Why “Let Go and Let God” Is a Bad Idea
What is “let-go-and-let-God” theology? It’s called Keswick theology, and it’s one of the most significant strands of second-blessing theology. It assumes that Christians experience two “blessings.” The first is getting “saved,” and the second is getting serious. The change is dramatic: from a defeated life to a victorious life; from a lower life to a higher life; from a shallow life to a deeper life; from a fruitless life to a more abundant life; from being “carnal” to being “spiritual”; and from merely having Jesus as your Savior to making Jesus your Master. People experience this second blessing through surrender and faith: “Let go and let God.”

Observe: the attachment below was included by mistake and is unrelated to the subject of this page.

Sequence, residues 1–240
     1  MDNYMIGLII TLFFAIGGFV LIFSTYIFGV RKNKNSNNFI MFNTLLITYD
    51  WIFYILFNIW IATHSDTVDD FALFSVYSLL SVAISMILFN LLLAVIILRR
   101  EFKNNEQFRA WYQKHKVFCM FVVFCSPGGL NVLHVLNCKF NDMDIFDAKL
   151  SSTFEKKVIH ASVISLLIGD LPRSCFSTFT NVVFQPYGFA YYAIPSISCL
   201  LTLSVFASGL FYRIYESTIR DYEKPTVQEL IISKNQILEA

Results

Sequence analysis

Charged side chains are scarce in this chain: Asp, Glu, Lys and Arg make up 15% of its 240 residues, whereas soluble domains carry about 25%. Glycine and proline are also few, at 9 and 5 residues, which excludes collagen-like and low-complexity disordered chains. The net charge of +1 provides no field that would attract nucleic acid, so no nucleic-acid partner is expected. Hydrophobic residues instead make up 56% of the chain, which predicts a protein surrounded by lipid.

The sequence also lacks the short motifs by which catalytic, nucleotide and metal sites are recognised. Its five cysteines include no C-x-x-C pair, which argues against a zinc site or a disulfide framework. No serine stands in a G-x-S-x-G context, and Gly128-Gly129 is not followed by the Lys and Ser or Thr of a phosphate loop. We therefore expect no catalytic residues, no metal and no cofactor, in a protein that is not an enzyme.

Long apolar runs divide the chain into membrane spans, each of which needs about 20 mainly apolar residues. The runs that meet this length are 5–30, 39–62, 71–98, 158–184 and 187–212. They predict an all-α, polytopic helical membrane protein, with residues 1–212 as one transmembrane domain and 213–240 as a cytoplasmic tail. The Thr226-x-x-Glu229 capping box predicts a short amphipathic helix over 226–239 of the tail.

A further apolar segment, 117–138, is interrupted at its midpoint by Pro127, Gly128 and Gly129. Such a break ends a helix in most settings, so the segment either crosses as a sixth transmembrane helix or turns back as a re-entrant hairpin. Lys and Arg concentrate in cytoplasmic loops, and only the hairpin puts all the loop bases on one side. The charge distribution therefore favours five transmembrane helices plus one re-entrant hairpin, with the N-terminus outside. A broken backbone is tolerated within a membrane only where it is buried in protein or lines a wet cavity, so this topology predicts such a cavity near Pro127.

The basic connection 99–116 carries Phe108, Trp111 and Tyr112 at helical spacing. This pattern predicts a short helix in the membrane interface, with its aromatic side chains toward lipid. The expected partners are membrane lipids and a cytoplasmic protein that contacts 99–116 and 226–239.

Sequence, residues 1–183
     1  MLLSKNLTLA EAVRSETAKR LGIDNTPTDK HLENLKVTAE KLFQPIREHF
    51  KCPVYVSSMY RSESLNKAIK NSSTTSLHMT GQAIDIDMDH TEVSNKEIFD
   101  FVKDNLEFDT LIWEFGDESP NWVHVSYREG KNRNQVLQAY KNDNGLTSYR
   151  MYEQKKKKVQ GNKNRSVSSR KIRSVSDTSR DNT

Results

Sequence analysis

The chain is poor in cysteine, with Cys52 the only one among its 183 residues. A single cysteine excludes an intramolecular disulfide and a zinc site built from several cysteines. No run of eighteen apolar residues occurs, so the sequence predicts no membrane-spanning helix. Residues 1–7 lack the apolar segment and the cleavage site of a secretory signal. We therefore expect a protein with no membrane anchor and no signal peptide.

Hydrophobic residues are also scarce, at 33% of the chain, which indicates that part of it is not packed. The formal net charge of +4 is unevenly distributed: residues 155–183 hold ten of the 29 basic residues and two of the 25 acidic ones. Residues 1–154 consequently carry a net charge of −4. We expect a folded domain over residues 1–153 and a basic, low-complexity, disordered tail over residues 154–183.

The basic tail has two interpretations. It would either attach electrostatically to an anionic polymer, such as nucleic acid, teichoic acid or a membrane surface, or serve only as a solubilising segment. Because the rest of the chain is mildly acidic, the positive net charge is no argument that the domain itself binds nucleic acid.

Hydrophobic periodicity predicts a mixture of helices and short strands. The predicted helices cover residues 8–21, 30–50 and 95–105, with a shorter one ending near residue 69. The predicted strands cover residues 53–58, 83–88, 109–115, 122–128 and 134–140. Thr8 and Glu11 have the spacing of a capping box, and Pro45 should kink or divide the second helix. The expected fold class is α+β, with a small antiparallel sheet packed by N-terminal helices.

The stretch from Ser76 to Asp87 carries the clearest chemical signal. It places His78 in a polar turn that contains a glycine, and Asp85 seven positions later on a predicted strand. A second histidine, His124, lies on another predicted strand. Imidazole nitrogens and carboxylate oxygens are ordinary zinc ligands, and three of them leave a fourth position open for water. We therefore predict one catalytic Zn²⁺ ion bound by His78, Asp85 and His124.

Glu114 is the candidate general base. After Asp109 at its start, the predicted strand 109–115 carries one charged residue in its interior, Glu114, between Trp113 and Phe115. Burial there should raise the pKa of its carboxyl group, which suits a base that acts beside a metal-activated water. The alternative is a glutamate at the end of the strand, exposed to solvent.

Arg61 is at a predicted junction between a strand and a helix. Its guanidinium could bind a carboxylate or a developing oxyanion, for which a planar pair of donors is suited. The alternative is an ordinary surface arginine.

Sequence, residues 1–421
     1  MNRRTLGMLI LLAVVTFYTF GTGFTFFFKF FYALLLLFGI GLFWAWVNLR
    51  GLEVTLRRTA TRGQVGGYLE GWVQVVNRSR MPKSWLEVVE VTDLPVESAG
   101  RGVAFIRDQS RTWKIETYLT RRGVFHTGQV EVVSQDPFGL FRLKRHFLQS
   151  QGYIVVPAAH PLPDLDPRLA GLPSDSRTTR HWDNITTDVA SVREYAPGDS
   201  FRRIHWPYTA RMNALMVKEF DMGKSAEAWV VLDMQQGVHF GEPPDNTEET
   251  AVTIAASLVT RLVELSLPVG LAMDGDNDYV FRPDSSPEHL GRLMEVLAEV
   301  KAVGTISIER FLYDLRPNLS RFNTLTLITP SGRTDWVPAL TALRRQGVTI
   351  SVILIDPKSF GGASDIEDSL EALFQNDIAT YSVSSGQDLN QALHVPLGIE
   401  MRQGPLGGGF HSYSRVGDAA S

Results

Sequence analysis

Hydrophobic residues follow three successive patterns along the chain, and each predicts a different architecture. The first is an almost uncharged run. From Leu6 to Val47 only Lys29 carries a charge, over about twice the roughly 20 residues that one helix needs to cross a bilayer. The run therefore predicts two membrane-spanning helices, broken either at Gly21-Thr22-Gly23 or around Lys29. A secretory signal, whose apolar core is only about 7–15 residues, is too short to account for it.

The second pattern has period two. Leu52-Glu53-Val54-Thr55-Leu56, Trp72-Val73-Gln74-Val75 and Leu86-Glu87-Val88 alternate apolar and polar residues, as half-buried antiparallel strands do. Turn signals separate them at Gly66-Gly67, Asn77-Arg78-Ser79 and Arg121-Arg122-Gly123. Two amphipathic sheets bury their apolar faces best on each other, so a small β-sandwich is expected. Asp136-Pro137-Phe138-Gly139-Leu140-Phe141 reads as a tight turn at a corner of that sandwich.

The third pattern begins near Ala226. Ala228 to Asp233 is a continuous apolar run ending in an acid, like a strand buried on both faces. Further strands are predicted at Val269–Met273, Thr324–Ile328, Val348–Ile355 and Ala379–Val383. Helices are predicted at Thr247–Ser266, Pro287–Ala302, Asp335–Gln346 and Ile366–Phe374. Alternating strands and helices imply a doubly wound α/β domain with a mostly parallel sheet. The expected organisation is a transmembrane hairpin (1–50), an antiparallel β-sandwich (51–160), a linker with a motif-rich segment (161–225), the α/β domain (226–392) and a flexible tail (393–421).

Keswick theology comes from the early Keswick movement. Keswick (pronounced KE H-zick) is a small town in the scenic Lake District of northwest England. Since 1875, it has hosted a weeklong meeting in July for the Keswick Convention. The movement’s first generation (about 1875– 1920) epitomized what we still call “Keswick theology” today.
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